Del Mar receives long-awaited certification for housing element that adds 113 affordable units

Del Mar City Hall
(Jon Clark)

The city still needs to reach an agreement with the Del Mar Fairgrounds for a 50-unit affordable housing project included in the plan


State officials certified the city of Del Mar’s housing element, according to a May 31 letter, concluding more than two years of back and forth between the city and state over the city’s plans to accommodate 113 affordable housing units and other housing goals through the rest of the decade.

Through the state’s Regional Housing Needs Allocation process, Del Mar had to adopt a housing element that can accommodate 175 new housing units at all income levels — including 113 for low- and very low-income residents, relative to county median income.

The Del Mar City Council approved its housing element before the initial deadline in 2021, but readopted the housing element twice in response to feedback from the state’s Department of Housing and Community Development.

The clarifications and updates the city added to the now-approved housing element included more specifics about adding housing for low income and special needs households, according to a city staff report. Another revision specifies that the city will try to work with Habitat for Humanity and other nonprofits to build housing on city-owned land.

“I do think we are at the finish line, at least I hope we’re there,” Del Mar City Councilmember Dwight Worden said when the council approved the latest version of the housing element in April.

Del Mar is now the 12th local government agency out of 19 in San Diego — 18 cities and the county government — to receive HCD certification of its housing element, according to the HCD website. San Diego County’s cities and unincorporated areas are responsible for a little more than 170,000 new housing units for the sixth RHNA cycle, which runs from 2021 to 2029.

The city of Del Mar is relying on an affordable housing development at the Del Mar Fairgrounds to provide about 50 of the 113 affordable housing units. A deal between the two sides to make that happen is still in progress. If they don’t come to terms, the city identified the north bluff as an alternate location to upzone for more multi-unit housing.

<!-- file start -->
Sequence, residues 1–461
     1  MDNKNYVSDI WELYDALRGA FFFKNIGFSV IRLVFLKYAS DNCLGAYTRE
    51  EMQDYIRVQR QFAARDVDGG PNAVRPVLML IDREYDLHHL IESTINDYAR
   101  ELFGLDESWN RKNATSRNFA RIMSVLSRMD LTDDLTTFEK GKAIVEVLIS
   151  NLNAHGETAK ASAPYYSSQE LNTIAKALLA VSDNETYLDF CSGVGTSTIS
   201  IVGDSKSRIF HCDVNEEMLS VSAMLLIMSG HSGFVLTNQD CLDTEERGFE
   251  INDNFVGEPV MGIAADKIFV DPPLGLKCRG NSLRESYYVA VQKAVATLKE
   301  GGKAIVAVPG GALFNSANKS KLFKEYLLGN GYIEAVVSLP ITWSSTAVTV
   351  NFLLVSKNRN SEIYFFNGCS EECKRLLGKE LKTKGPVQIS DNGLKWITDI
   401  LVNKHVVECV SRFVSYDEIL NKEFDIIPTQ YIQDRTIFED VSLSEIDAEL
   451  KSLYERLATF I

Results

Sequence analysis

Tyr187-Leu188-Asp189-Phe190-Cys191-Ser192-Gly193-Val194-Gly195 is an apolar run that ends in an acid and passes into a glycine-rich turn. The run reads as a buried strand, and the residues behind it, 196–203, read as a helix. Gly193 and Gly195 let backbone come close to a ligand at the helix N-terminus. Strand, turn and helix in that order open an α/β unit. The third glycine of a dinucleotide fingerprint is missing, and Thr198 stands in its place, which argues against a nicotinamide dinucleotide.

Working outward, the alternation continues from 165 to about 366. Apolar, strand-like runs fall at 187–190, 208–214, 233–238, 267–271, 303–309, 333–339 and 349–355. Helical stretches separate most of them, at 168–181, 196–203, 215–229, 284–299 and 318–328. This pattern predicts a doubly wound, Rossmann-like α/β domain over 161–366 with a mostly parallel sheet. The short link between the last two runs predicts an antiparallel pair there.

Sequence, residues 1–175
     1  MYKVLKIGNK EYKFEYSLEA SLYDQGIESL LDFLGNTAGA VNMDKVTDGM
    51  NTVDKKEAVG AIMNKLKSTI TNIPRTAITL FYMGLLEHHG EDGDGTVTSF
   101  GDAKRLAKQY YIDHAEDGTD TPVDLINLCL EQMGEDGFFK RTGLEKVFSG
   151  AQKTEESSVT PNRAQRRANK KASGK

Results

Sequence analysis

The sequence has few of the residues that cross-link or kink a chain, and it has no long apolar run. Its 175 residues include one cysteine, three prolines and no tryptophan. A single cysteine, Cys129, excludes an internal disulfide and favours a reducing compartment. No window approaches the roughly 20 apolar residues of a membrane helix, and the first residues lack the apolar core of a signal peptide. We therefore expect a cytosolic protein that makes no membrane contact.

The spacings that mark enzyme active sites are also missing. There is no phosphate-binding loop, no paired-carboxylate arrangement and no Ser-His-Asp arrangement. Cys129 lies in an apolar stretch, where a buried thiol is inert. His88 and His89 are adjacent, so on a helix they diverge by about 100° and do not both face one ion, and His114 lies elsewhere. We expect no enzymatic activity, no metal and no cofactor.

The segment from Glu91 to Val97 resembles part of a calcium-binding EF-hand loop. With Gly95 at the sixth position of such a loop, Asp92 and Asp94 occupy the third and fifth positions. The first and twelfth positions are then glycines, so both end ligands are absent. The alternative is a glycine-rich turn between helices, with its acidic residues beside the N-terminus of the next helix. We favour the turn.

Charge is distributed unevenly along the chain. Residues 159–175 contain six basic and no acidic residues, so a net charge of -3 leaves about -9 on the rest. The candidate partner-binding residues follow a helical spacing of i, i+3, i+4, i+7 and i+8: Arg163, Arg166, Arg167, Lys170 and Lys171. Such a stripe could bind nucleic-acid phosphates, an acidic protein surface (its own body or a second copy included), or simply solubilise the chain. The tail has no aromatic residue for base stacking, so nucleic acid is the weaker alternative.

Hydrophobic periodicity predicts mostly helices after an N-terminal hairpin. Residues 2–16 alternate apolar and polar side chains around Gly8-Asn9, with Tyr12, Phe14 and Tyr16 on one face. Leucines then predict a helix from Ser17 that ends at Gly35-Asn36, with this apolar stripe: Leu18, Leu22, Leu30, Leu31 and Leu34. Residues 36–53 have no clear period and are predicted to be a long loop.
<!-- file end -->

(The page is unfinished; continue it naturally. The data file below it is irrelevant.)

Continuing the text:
The north bluff is currently the proposed site for Seaside Ridge, a 259-unit development that would allocate about one-third of its housing for low- and moderate-income tenants. The city and developer are at odds over whether it can proceed as “by-right” with little city oversight, or if it would have to go through a more arduous rezoning process controlled by city officials.

Darren Pudgil, a spokesperson for Seaside Ridge, said in a statement that Del Mar’s housing element certification “has no bearing on Seaside Ridge” because the project application was submitted while the city’s housing element was out of compliance. State law allows residential development with affordable housing to proceed, even if it doesn’t comply with local zoning, if a city does not have a certified housing element.

“The fact is, Seaside Ridge can significantly help Del Mar meet its state-mandated housing requirements, and in the most time-effective way,” Pudgil said. “It will provide affordable housing opportunities for the people who work in Del Mar and serve the residents of Del Mar – teachers, nurses, sheriff’s deputies, service industry workers and more. And it will provide public access to the property through a new park and trail, along with parking for the public.

When the Seaside Ridge application first came in last year, the city officials responded that they did not agree with the legal basis, and that the housing element (which was pending HCD approval at the time) already included all the zoning needed to meet the city’s RHNA numbers. The city also called the project application “incomplete” in an April 27 letter because it circumvents California Coastal Commission and California Environmental Quality Act standards for upzoning on a seaside bluff.

“Contrary to the Applicant’s legal position, both CEQA and the California Coastal Act do apply to the Seaside Ridge project,” Matt Bator, a city planner, said in the letter.